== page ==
Fish and Boats and Storms

Tom and I went fishing on the Tomoka River the other day. It started out under a cloud when we forgot to check if the plug was in – it wasn’t – but turned good fairly quickly with a few nice fish and a pleasant breeze that made fishing easy. I caught a small snook and a nice redfish; Tom got a nice bass and a few smaller ones plus a micro snook. We kept the redfish simply because it had literally swallowed my zara spook lure. Luckily it was within the 18-27” slot limit (we think) so it was a legal catch. Turns out it was the hardest fish to clean I’ve ever encountered. The fish is covered with large scales that are like armer plating. It took almost an hour to do the deed; about 45 minutes to fillet it and 15 minutes to retrieve the lure. The carcass is now residing in the garden where I suspect it will remain almost intact for the next 50 years.

Tom's Pontoon Boat
Tom’s Pontoon Boat

Tom came up to the lake the evening before the trip mentioned above and brought the latest addition to his fleet – an inflatable pontoon boat. He got it at a “can’t pass it up” closeout price at Costco and wanted to do the initial testing at the lake. We launched it and away he went – using a combination of flipper power and oars. The boat can support an electric motor and battery but this was a man powered voyage to test how well it handled and fished. According to Tom, it’s going to take a little getting used to but was great to fish from. I’ll probably give it a try one of these days but I’m pretty much a poke boat kind of guy. Oh, by the way, Tom had a small gator chase his lure so I guess we’ll be on gator watch duty until the local belt and wallet maker takes care of the problem. The neighbors across the lake in the trailer home also spotted it by their dock so it’s for sure living here.
Tom's Pontoon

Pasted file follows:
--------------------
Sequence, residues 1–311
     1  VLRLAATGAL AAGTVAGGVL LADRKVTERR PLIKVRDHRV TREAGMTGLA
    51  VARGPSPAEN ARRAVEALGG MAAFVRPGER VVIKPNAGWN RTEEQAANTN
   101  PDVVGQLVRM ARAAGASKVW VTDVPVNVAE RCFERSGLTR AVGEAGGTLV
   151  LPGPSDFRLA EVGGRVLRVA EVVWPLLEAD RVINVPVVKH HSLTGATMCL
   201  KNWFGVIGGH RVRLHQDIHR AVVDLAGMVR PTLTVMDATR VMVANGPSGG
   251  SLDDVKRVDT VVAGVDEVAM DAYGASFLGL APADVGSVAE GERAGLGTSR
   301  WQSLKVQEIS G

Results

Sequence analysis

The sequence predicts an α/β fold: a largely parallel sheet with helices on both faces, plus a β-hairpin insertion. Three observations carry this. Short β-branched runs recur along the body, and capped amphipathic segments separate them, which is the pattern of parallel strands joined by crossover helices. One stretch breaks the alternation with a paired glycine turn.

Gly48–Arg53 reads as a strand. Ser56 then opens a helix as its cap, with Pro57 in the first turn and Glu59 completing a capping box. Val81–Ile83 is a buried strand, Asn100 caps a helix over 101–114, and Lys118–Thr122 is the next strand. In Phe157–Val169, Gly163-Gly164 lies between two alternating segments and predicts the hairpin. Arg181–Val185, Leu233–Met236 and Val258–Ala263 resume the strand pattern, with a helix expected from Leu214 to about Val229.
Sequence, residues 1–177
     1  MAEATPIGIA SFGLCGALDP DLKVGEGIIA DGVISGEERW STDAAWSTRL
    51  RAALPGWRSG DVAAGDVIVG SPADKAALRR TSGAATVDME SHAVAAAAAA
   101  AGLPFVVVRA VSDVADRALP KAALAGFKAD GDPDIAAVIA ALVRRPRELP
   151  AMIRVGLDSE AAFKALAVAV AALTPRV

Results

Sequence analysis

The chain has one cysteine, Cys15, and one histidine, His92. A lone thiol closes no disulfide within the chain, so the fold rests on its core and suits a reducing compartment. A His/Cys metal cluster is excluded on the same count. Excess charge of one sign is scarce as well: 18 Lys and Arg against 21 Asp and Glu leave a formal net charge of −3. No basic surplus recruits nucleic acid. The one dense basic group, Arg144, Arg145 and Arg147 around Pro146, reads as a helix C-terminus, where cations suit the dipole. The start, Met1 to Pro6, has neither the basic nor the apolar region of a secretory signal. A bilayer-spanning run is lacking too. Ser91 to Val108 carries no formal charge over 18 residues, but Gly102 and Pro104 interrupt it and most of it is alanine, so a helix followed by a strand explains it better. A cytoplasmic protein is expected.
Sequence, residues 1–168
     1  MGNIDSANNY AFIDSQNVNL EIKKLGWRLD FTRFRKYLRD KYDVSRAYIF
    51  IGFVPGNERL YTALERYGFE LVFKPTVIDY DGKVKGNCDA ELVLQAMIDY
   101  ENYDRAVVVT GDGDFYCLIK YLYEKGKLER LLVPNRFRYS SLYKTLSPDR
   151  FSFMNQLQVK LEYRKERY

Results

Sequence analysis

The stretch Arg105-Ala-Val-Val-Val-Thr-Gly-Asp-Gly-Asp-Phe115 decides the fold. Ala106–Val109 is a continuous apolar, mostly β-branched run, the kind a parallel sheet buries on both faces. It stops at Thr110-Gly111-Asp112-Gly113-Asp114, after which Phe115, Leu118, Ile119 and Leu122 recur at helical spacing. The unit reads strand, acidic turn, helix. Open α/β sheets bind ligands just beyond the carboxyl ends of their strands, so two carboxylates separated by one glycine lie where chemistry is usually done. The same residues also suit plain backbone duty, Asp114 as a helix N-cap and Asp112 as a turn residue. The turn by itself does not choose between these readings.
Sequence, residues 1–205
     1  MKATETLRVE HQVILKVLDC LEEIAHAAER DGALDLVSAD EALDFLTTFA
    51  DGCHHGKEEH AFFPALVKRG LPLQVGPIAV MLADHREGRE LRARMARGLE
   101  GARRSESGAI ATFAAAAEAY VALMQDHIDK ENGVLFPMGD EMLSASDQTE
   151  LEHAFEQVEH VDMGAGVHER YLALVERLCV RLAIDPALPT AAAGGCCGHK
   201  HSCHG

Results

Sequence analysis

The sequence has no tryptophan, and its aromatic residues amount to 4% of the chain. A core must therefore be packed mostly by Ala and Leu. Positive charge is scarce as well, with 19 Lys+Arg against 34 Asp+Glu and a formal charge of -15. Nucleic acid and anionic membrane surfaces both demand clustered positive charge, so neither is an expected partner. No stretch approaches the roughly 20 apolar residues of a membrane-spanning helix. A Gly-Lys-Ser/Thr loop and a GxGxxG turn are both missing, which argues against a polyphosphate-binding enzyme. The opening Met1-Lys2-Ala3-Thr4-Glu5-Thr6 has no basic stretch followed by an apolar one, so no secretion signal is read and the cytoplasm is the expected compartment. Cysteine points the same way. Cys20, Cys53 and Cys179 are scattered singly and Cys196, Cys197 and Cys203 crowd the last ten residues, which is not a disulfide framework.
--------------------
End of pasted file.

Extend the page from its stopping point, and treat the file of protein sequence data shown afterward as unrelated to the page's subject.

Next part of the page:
I experienced the most thrilling storm of my life on Thursday. About 2PM I went down to the dock with a new book and the XM radio, leaving Nancy with her afternoon TV shows. It looked like a light rain in the offing so I took the umbrella down with me. About 30 minutes into it, the rain did come. Nothing special just a light sprinkling. Which got harder and harder; which then brought on some serious lightning striking several times within hundreds of feet from me; which then brought hail; which then brought very strong linear winds shifting direction 180 degrees several times within a few minutes; and finally bringing the feared and dreaded “train sound”. I wasn’t sure that being out on the dock was the best place to be, all things considered. I was getting wetter and wetter as the rain came down almost horizontally. Which is the bigger worry – trees blowing down onto the dock? Lightning striking the dock? or a tornado carrying me off to OZ? It crossed my mind that maybe the best move would be to lash myself to one of the dock pilings to keep from being blown out to sea! It lasted about 30 minutes before it let up enough for me to make a run for the house. We got only 1.5” of rain, had only a few downed limbs and lost electricity for almost 4 hours. Turns out a small tornado crossed the main road about a half mile from us and tore down several power poles. That must have been the train I heard. I counted 10 power company trucks with large booms extended on a half mile stretch of US 17 putting up new poles and restringing power lines.

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